with a nominal resolution of 1030 x 1300 pixels. The camera was set up to provide a
resolution of 0.25 mm (100 dpi) on the fragment surface. This resolution is sufficient
to create a 1:1 museum-quality, photographic reproduction of the entire map.
After each photograph was taken, it was dewarped to correct for camera lens distortion.
To calibrate a camera, we separately photographed a planar target, located a number
of feature points on it, and used these to calculate the camera's intrinsic parameters.
The model included two radial and two tangential distortion terms, off-center perspective
projection, and a possibly non-uniform (in X and Y) scale
(Heikkila 1997). Given the
high resolution at which we were photographing, large fragments had to be photographed
in sections and mosaiced together. For this purpose, we mostly used Image Assembler,
a commercial image mosaicing package from Panavue, Inc.
23 New Fragments Travel to Stanford
In 1999, 30 more fragments from the Severan marble plan were discovered in the Italian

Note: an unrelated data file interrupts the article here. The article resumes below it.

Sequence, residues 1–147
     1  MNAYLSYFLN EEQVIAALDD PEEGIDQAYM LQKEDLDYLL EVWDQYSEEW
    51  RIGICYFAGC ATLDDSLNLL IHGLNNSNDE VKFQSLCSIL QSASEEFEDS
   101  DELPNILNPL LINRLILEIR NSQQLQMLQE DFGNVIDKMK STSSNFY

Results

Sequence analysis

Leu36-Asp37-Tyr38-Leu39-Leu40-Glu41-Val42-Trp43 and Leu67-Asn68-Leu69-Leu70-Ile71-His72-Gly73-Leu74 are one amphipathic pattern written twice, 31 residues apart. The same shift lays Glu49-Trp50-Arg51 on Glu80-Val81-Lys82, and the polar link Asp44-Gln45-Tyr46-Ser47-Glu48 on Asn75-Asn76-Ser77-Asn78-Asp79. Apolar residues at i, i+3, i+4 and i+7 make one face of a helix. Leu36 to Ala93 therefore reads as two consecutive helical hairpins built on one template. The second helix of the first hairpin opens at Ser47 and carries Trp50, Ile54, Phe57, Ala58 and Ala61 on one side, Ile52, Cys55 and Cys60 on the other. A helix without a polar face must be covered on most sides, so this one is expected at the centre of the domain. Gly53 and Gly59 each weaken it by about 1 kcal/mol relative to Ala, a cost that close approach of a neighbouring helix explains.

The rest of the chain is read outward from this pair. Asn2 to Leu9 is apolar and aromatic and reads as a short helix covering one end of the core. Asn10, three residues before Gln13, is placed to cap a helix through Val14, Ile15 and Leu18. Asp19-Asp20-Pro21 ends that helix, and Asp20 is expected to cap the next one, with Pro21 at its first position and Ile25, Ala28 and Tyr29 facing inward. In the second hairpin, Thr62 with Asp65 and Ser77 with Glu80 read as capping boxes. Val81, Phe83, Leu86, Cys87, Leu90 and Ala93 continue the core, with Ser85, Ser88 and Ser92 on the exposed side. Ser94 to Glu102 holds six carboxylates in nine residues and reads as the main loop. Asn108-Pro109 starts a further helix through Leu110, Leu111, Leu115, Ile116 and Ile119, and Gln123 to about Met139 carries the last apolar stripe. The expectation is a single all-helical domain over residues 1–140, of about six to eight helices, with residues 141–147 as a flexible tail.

excavations of the Templum Pacis. Some were joined during conservation, making a total
of 23 fragments. In an unprecedented and very generous move, prompted by
Laura Ferrea, the Sovraintendenza offered to bring these new fragments to Stanford to
be scanned there. In May of 2001, Ferrea personally oversaw the transfer of the
valuable marble pieces from Rome to Stanford and the scanning of each fragment
by our team in the graphics lab of the Computer Science Department.
- Besl and McKay 1992
- Besl, P., McKay, N., A Method for Registration of 3-D Shapes, IEEE Trans.
PAMI, Vol. 14, No. 2, February, 1992, pp. 239-256.
- Curless 1996
- Curless, B., Levoy, M., A Volumetric Method for Building Complex Models from Range Images,
Proc. SIGGRAPH '96, ACM, 1996, pp. 303-312.
- Heikkila 1997
- Heikkila, J., Silven, O. A four-step camera calibration procedure
with implicit image correction, Proc. CVPR '97, IEEE, 1997, pp. 1106-1112.
- Levoy et al. 2000
- Levoy, M., et. al., The Digital Michelangelo Project: 3D Scanning of Large Statues,
Proc. SIGGRAPH 2000, ACM, 2000, pp. 131-144.
- Pulli 1996
- Pulli, K., Multiview registration for large data sets, Proc. 2nd Int'l Conf. on
3-D Digital Imaging and Modeling, IEEE, 1999, pp. 160-168.
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© The Stanford Digital Forma Urbis Romae Project